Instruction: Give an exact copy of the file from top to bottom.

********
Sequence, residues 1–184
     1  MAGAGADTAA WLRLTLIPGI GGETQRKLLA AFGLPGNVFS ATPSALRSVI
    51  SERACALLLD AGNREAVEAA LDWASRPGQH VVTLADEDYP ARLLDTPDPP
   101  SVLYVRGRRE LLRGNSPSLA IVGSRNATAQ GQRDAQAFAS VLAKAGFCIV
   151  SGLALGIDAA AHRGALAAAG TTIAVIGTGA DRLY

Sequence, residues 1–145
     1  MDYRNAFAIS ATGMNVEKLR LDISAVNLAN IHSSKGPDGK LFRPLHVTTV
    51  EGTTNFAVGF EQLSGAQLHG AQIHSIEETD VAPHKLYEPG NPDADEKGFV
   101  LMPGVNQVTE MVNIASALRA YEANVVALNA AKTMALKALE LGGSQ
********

Sequence, residues 1–184
     1  MAGAGADTAA WLRLTLIPGI GGETQRKLLA AFGLPGNVFS ATPSALRSVI
    51  SERACALLLD AGNREAVEAA LDWASRPGQH VVTLADEDYP ARLLDTPDPP
   101  SVLYVRGRRE LLRGNSPSLA IVGSRNATAQ GQRDAQAFAS VLAKAGFCIV
   151  SGLALGIDAA AHRGALAAAG TTIAVIGTGA DRLY

Sequence, residues 1–145
     1  MDYRNAFAIS ATGMNVEKLR LDISAVNLAN IHSSKGPDGK LFRPLHVTTV
    51  EGTTNFAVGF EQLSGAQLHG AQIHSIEETD VAPHKLYEPG NPDADEKGFV
   101  LMPGVNQVTE MVNIASALRA YEANVVALNA AKTMALKALE LGGSQ